"The Discrimination (Disability) (Jersey) Regulations 2018 will come into force on 1 September 2018 whereby individuals will be protected against discrimination on account of disability."
"Property owners and occupiers need to be aware that they may need to make "reasonable adjustments" to their premises to facilitate their use by disabled persons."

Disability Discrimination law - will I need to adapt my premises?

24 Apr 2018

The Discrimination (Disability) (Jersey) Regulations 2018 will come into force on 1 September 2018 whereby individuals will be protected against discrimination on account of disability.

Who will be protected by the new law?

The new law will apply to any person who possesses one or more long-term physical, mental, intellectual or sensory impairments.

A long-term impairment is defined as an impairment which has lasted, or is expected to last, for at least six months or, if shorter, until the end of a person's life.

The Regulations provide the right for a person to refer a complaint of discrimination to the Employment and Discrimination Tribunal (the "Tribunal").

What are the sanctions in the event of a breach?

If the Tribunal finds that discrimination has occurred then it may award compensation of up to £10,000 for any financial loss and up to £5,000 for hurt and distress (subject to an overall limit of £10,000).

What are the obligations of property owners?

Property owners and occupiers need to be aware that they may need to make "reasonable adjustments" to their premises to facilitate their use by disabled persons.

The law states that if a disabled person is put at a significant disadvantage owing to a physical feature of premises, then that person may have grounds for a claim of indirect discrimination unless reasonable steps have been taken to adapt the offending feature.

If the property owner knows (or reasonably should have been expected to know) of the substantial disadvantage that the physical feature would cause to the disabled person, then the owner could be liable in a claim for discrimination.

What constitutes a physical feature?

Physical features of premises include:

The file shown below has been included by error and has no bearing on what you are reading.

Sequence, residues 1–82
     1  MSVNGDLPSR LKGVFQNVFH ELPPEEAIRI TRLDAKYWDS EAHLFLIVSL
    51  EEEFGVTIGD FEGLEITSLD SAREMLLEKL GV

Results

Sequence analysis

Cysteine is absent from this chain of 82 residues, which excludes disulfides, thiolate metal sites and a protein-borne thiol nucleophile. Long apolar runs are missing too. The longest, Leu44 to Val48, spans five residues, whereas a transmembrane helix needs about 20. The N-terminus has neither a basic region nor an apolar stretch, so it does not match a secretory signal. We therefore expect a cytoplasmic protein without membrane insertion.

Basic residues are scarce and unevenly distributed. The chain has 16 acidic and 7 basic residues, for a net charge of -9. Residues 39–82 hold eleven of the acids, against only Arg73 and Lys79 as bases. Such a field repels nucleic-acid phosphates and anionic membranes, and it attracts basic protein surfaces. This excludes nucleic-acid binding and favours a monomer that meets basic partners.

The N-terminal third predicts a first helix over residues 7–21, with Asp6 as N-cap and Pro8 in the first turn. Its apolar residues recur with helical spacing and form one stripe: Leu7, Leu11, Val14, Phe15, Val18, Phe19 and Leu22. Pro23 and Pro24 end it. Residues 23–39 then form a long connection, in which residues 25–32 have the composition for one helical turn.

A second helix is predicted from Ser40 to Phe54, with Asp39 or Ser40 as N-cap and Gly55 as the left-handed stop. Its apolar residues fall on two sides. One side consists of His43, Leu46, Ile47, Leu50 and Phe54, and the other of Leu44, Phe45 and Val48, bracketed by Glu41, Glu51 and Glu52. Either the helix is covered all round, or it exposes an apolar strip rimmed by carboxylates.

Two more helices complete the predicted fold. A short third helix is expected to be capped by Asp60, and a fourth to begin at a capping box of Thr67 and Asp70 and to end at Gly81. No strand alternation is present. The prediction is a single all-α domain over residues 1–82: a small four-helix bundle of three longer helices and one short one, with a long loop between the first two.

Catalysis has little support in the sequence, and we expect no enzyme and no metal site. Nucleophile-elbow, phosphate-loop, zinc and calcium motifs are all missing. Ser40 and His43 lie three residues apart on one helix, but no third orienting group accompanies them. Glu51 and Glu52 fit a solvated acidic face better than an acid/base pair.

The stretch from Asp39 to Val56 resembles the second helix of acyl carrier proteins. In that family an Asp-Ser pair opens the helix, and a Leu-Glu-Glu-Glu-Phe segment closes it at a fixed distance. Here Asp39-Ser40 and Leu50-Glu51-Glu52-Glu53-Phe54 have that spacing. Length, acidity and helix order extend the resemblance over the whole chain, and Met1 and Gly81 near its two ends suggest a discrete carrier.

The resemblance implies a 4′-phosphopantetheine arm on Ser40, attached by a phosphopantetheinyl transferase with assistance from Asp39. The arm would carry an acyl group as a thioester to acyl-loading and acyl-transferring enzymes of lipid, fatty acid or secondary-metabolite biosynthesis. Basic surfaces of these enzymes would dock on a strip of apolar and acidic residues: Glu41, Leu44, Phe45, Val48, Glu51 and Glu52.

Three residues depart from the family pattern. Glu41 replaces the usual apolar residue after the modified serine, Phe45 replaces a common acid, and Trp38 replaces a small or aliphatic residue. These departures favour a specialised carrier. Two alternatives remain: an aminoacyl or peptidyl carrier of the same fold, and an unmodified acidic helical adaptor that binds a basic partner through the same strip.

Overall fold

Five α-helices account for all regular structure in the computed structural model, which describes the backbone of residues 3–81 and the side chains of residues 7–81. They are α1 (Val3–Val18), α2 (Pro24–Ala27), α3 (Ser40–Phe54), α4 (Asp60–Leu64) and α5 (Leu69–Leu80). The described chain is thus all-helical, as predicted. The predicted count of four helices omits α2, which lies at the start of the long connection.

• Features arising from the design or construction of a building;
  • An approach or access to a building; and
  • Fixtures, fittings, furniture or furnishings at the premises.

What kind of adjustments should be made to premises?

Each property and its features will be assessed on a case-by case basis. However, property owners may wish to consider whether they should be making some or all of the following adjustments to their property:

  • Removing the feature in question;
  • Altering the feature; or
  • Providing a reasonable means of avoiding it.

Reasonable adjustments that businesses may need to make could include providing disabled parking, making ramps available to allow wheelchair access, ensuring entrance and exit points are unobstructed and providing sufficiently accessible signage.

Do I need to make the necessary adjustments before 1 September 2018?

The regulation regarding adjustments to premises does not come into force until 1 September 2020, allowing sufficient time for property owners to make the appropriate changes. However, it is likely that many adjustments to premises will require planning or bye-laws approval. Therefore, property owners should be considering their options at an early stage.

Landlord and tenant issues

If the premises are leased, you should ensure that the lease clearly sets out whether the landlord or the tenant will be responsible for carrying out the works and who will meet the costs.

The lease will need to provide the necessary rights for either a landlord or tenant to alter the premises in order to comply with the new law.

For landlords with existing leases that will expire prior to the deadline of 1 September 2020, prospective new tenants may not be willing to take a lease until the premises are deemed to be compliant with the new law. This means that works to bring the premises into line with the new law must either be carried out by the landlord or at the landlord's expense.

For tenants, it is likely that a well-advised landlord will insist upon adjustments being carried out by the tenant, at the tenant's cost. It is usually the tenant's responsibility to comply with all laws, including new laws that could not have been foreseen.

If the premises will need to be closed for a period of time, is the tenant entitled to a suspension or reduction in rent?

Are there any exemptions from the new law?

Property owners and occupiers must comply with new law except where a modification to be made to premises in order to comply with the new law would result in a breach of the Building Bye-laws (Jersey) 2007.

Summary

The new law will come into force on 1 September 2018 and will affect most property owners and occupiers in Jersey.

Property owners and occupiers will have a responsibility to ensure that they do not indirectly discriminate against disabled persons.

This means that many properties will need to be modified as far as reasonably possible to ensure that they can be accessed and used by disabled persons.

Whilst property owners and occupiers will have sufficient time to make the necessary adjustments to their premises, they should be assessing their obligations as soon as possible and planning their next steps, especially if the property is subject to a lease.

How we can help

At Bedell Cristin, we have a team of property and discrimination law experts who can guide you through your obligations under the new law and the steps that you will need to take to ensure compliance.

Our specialists across various legal fields work together as one team to deliver a smooth, consistently excellent service in a cost-effective manner.